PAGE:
Winter Peace
Originally uploaded by ancientartizen

This month, Alex Shalman started the Happiness Project. He’s interviewing notable bloggers, asking them all the same wonderful 5 questions. He’s also asked other bloggers to answer the questions on their own blogs. I was taken by the simplicity of the questions and the deep thinking they inspired in me. Here are my answers:

1. How do you define happiness? Happiness is… Hmm. Not the same thing as happy. No, happy is an adjective, it describes something else. Happiness is a noun–it’s a about being. So this is the key, for me. Happiness is rooted in being. Since I can’t “be” anything other than what I am, happiness is merely a full expression of my being. I believe we are all here on the planet with unique fingerprints (physically and spiritually) to make our presence here sing with uniqueness…i.e. happiness? Is happiness the same as uniqueness? No, no. Happiness is the same as being in a state of deep resonance with one’s unique fingerprint. This body that we have, in which we live–it’s a tool. A temple of a tool, to be sure, but still just a tool. The measure of any tool is what you do with it. Happiness is living your life in harmony with your ‘spiritual fingerprint.’

2. On a scale of 1-10, how would you rate your happiness now, versus when you were a child? Interesting question. I think as a young child I was more enveloped in exploring the world than I am now–which was a happy experience. Learning was so accelerated. Have you watched a baby watching dust particles floating on a stream of sunshine? It’s an amazing time of exploration, finding the boundaries between self and non-self. But then childhood, for me, as for many, was also the time in which I came face to face (heart to heart) with the shock of loss, grief, and fear. Not happy experiences. As an adult I have integrated my experiences (happy and not happy ones) into a place of peace in which happiness grows daily. Therefore, I’d say that on a scale of 1-10, I have moved from a childhood 4 to a mid-life 6. While that might not seem like a big spread, I think each increment is a quantum one. I love my life now, in progress, and I’m optimistic that my happiness quotient continues to grow.

3. What do you do on a daily basis that brings you happiness? (and how consistent is the feeling of happiness throughout your day)? I kiss and hug my kids and my husband, and tell them I love them. I write. I eat healthy, delicious food (healthy yumminess is a kin to happiness). I stretch. On most days I exercise. On “work” days I have the distinct pleasure of serving the health of our planet, one hurting human at a time. My happiness is not absolute; So, if I were to give a number to it, I’d say that I’m aware of inner happiness for about 25-50% of my day. Reflections like this will ultimately help me to increase that percentage of time in which I’m in the happiness “zone.”

4. What things take away from your happiness? What can be done to lessen their impact or remove them from your life? I don’t usually clean the bathroom or vacuum with a feeling of happiness, nor do spats with my husband, tantrums from the kids, or tax time come and go with my happiness intact. To counter the potential loss of connection to happiness, I try to detach (lovingly) from the emotional ups and downs of others, (the trick is to detach from the emotions but not from the person). As far as chores go, I try to change my outlook on them, and to take them lightly. I may not be able to do them joyfully, but I can take them lightly, as if they were as natural and organic a part of my day as breathing. I also can’t ingest much mass media– poverty, cruelty, war, and environmental degradation tends to lodge in my body like a sickness. To counter the latter, I do two things: first, I regularly engage in media fasts. When not fasting, I strictly limit my intake. I can still stay abreast of world events by discussing them with trusted family and friends who are less beaten down by the news, and by limited use of google and other on-line sources; second, equally important to controlling the influx of bad news, I have to seek out good news, and invest in the good things happening in the world. For instance, check out Working Villages International. Their’s is a story of food, economic sustainability, hope and empowerment in the face of poverty, hunger and war. Supporting “good news” projects like this one helps me to lessen the impact of “bad news” on my consciousness.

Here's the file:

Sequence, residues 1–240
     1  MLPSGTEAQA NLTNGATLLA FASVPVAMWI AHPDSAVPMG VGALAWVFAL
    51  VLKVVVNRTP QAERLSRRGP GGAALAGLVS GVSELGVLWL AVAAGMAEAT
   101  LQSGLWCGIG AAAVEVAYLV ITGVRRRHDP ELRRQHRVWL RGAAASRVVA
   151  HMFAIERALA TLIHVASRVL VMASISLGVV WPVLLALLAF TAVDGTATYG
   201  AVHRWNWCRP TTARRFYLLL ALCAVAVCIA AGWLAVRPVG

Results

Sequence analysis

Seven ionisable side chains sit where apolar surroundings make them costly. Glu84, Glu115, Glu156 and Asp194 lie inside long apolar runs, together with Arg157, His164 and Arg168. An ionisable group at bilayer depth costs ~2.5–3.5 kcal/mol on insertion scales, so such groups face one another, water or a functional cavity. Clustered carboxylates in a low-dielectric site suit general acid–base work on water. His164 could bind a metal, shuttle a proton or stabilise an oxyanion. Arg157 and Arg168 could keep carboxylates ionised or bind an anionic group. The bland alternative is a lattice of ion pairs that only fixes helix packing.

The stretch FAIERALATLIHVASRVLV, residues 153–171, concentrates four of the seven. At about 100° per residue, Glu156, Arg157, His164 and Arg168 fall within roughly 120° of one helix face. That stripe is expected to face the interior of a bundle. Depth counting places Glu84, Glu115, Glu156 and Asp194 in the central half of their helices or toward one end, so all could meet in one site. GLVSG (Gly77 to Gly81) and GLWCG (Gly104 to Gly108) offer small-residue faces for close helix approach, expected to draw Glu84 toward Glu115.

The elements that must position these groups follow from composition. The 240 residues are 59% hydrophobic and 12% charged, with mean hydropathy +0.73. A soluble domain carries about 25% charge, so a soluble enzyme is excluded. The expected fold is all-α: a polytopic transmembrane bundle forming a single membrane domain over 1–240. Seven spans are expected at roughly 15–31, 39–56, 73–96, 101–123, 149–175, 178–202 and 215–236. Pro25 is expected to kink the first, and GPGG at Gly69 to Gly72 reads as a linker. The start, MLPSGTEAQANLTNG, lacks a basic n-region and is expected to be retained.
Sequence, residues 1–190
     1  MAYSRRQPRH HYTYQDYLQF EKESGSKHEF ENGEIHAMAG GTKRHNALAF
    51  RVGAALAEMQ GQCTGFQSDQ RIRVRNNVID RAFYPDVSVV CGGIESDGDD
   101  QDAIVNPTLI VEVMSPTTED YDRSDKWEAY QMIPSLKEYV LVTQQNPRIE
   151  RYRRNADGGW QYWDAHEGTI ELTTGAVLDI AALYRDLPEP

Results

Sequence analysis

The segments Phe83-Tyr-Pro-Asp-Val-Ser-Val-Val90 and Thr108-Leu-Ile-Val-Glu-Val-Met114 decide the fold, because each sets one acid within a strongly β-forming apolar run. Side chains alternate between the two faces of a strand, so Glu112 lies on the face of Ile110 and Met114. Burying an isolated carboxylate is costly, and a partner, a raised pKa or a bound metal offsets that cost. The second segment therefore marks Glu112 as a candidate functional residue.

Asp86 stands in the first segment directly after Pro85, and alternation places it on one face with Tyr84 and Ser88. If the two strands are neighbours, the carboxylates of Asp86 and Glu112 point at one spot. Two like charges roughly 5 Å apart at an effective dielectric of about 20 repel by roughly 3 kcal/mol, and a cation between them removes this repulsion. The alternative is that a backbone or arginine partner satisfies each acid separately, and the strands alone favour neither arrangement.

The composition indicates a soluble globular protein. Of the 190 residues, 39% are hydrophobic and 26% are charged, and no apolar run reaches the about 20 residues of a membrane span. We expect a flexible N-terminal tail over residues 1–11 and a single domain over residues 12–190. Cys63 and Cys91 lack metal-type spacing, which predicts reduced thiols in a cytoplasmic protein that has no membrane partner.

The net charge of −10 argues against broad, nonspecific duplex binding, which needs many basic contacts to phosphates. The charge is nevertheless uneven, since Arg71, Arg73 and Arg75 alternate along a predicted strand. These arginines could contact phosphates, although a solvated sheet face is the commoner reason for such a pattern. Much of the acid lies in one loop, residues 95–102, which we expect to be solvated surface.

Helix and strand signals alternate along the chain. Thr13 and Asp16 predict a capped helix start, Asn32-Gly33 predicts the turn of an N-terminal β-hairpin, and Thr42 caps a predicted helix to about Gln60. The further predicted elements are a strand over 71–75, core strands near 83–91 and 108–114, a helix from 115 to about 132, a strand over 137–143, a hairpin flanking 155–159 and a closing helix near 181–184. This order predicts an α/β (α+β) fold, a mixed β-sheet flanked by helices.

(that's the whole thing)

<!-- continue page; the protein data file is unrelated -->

5. What do you plan on doing in the future that will bring you even more happiness? It is important to increase the time in my day in which I am experiencing happiness, but I think I’m on track with that. This is a long term project to bring my awareness and consciousness into more and more moments in my day. Living by the principles I’ve described–loving my family, taking care of my health (right food, right exercise), doing the “chores” I have to do with a lightness of heart, detaching from roller-coaster emotions of others (maintaining loving connections with them, ideally), limiting how much I “eat” at the feast of depression offered by the mass media, and sharing my energy (monetary or otherwise) with groups that offer feasts of hope and empowerment instead–is a practice. I’m not good at all of them yet, and as I practice, I’ll get better, and as a result, my happiness will expand. The other thing to keep in mind is that not only will happiness expand (fill up more of my day), living by my values (as I’ve described) will also deepen my happiness. In other words, I look forward to an evolving, deepening understanding of the first question: what is happiness?